Well, thanks! I was inspired to write the song after spending time traveling in Latin America and listening to Cuban and Brazillian music that really moved me. I was walking through the streets of Trinidad, Cuba in early 2020 and was inspired by the nighttime energy, the red, gold, blue lights, and being there with my brother and friend. It felt like a dreamy place, we were off the grid but we were alive. I wanted to capture this drunken, nighttime feeling in a song. And while I had played the song with my band before, I didn't really understand the production or sound I was after until going on this trip. From there, I set out to write a song that would push me further than an acoustic song.

How did you create the instrumentals for "Headlights (The 1916 Funk)" to complement and amplify the song's mysterious lyrical theme? What sort of vibe did you want to deliver?

I knew I wanted the song to start in standard funky rock, move into a fusion in the middle, and then twist and turn into a Cuban climax in the end. The first half of the song was driven by the acoustic line I wrote for the verse in 2015. It was a strange line but catchy and chromatic. I knew it was either missing or had too many beats. I would try to count how many times I would tap my foot per pass of the riff. I kept landing on 19. I called the song "1916 Funk" for a while which had a nice ring to it. I thought I was a fancypants because I had used a different time signature. hen my drummer came along and told me I wasn't counting the song correctly at all...HA! I was humbled on the spot to learn the song is in 17/8 time for the hooky verse lines. It keeps the listener guessing and the horns really drive that cut-time feel. I had two guitarists cut some complex, Santana-like solos on top of compressed funk strums on the guitar. My friend Ryan also brought this fantastic nightclub piano player-in-Havana vibe on the piano and started playing a Montuno as the song pushes toward the climax. A Montuno is basically a Latin chord progression on the piano that makes you move your hips and want to start yelling about how good it is to be alive. That's where the "buh-buh" lyrics came out of: simply from playing it live and celebrating it all for a moment. And of course, the sax and trumpet really sweep you into this dreamy, fast-moving, colorful world... much like being in love and the general point of the song.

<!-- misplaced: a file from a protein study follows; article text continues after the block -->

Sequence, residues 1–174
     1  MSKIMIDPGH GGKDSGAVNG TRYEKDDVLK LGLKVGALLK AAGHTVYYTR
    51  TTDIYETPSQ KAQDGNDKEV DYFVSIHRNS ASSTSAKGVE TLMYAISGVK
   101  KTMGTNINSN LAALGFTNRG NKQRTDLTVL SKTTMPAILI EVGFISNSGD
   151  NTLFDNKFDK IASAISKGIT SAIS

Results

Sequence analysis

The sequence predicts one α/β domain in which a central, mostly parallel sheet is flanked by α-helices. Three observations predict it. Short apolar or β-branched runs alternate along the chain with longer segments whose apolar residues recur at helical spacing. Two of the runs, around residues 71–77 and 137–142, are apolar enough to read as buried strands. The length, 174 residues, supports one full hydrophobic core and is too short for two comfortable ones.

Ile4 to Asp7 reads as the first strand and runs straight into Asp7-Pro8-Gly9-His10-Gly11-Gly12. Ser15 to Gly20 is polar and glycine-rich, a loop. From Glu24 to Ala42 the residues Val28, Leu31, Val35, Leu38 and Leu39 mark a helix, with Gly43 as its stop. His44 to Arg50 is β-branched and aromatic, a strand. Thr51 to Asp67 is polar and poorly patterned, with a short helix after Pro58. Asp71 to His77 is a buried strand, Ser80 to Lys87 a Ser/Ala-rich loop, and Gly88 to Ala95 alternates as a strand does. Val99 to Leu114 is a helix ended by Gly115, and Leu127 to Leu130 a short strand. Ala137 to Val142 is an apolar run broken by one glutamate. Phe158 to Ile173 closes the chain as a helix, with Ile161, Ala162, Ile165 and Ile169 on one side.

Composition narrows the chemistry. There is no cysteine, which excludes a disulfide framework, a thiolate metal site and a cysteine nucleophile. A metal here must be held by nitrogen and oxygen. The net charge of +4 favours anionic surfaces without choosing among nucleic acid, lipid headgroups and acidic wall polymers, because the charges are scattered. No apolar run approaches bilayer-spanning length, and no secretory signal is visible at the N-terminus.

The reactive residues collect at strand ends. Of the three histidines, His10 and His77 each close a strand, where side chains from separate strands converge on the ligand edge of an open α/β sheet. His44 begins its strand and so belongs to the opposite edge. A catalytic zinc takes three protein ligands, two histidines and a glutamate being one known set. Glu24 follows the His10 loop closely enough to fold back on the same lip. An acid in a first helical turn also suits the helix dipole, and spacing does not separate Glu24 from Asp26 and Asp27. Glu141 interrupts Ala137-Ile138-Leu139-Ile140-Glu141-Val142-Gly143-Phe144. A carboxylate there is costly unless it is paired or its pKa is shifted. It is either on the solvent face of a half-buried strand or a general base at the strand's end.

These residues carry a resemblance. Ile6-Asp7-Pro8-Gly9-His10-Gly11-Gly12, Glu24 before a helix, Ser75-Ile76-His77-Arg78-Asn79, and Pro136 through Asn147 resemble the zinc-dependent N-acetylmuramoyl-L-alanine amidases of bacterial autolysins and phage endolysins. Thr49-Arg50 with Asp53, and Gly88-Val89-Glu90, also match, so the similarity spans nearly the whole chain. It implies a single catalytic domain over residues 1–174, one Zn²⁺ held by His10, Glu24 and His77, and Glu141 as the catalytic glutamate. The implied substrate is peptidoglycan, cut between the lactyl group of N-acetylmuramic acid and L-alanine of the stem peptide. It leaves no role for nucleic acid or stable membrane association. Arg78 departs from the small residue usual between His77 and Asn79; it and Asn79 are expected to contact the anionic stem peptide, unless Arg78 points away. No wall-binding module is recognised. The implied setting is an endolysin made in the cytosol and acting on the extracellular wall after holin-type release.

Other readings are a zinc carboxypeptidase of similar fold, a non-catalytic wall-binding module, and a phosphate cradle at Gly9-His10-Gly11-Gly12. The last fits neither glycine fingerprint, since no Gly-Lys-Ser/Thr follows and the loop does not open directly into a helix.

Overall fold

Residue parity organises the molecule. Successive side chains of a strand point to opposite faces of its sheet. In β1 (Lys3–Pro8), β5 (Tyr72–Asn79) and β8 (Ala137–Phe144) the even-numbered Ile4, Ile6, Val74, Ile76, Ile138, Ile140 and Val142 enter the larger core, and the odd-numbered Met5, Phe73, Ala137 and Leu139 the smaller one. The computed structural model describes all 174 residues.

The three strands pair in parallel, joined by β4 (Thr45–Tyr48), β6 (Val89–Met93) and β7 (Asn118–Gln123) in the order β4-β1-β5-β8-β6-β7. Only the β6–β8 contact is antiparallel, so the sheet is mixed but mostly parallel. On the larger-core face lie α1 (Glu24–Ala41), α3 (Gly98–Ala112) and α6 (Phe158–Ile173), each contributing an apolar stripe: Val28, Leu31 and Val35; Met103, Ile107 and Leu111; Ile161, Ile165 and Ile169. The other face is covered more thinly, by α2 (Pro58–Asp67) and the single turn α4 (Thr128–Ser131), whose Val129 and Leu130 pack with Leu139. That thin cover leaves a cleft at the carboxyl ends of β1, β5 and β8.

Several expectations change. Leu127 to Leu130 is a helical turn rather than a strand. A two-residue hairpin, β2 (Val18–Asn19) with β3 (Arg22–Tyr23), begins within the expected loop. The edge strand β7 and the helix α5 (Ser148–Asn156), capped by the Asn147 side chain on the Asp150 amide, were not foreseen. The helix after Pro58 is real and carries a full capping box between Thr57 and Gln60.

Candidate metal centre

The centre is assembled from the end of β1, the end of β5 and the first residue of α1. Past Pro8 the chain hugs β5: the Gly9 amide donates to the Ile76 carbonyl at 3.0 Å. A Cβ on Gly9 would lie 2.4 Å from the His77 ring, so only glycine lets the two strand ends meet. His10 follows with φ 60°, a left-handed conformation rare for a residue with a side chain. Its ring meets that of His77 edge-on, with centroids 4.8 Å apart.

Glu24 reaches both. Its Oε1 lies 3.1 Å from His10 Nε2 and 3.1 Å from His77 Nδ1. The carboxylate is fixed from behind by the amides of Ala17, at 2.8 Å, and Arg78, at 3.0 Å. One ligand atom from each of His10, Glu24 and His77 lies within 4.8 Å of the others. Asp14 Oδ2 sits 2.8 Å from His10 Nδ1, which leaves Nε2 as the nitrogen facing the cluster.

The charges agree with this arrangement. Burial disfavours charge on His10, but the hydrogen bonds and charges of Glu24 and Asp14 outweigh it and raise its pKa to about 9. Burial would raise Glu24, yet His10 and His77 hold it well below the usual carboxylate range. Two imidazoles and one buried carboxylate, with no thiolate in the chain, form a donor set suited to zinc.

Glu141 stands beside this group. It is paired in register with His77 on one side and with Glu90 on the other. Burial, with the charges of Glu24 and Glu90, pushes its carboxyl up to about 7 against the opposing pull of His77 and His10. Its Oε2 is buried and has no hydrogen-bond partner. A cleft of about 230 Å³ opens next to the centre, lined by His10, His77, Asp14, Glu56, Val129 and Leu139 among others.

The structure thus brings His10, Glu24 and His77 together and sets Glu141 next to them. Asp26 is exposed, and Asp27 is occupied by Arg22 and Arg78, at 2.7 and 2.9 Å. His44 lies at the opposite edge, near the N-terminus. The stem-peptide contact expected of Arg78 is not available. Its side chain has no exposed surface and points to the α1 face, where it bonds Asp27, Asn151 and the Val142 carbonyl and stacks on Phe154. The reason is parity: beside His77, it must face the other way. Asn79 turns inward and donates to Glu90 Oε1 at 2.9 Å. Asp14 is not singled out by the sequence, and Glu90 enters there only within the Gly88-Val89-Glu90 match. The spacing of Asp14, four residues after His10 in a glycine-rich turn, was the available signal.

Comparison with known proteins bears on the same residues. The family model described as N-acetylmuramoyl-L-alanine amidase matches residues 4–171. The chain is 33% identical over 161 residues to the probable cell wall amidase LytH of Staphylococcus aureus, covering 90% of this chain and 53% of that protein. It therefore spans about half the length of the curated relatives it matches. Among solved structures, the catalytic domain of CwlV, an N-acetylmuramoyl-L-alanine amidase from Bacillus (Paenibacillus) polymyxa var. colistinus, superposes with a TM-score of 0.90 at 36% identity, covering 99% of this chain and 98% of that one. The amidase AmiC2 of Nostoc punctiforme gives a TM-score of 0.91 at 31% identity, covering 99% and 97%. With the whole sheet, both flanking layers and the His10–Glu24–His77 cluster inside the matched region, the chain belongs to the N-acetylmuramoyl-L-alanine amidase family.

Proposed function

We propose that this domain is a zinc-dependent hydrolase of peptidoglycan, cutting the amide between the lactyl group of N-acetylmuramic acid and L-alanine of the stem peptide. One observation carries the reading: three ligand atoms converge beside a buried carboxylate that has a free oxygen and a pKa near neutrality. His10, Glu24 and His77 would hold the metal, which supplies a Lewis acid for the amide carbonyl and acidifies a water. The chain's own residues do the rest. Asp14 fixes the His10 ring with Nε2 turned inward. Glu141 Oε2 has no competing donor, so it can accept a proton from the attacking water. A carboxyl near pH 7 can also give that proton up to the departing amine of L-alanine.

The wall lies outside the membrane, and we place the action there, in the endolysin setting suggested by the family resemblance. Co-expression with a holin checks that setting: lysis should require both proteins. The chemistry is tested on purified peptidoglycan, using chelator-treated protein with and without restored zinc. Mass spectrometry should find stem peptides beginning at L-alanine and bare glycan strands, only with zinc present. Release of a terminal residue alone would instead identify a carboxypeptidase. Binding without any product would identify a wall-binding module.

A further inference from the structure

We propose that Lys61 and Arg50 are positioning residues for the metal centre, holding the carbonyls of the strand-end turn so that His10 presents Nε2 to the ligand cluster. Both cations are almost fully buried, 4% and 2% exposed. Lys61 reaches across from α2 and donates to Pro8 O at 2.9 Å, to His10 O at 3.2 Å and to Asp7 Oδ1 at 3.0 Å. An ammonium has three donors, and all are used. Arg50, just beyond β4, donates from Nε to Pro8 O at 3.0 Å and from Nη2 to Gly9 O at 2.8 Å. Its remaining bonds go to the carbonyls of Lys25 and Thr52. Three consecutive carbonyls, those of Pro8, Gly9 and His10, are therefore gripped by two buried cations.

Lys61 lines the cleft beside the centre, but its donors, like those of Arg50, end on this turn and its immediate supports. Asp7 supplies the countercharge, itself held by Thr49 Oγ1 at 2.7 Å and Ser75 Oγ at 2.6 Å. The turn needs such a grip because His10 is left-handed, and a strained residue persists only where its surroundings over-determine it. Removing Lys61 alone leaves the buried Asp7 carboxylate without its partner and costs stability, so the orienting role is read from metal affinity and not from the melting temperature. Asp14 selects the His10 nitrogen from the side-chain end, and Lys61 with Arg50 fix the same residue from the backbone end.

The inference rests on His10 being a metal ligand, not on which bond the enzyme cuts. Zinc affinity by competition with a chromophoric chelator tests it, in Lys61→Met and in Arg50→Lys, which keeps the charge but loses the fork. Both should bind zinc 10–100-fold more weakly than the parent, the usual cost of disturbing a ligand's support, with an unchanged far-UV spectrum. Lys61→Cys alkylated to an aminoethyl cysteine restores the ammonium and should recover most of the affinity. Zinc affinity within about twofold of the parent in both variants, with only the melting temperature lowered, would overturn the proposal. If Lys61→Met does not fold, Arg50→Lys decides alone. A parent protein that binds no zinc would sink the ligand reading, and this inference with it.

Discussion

Could you expand on your creative process when formulating the instrumentals for "Headlights (The 1916 Funk)"? Did you work solo on this process?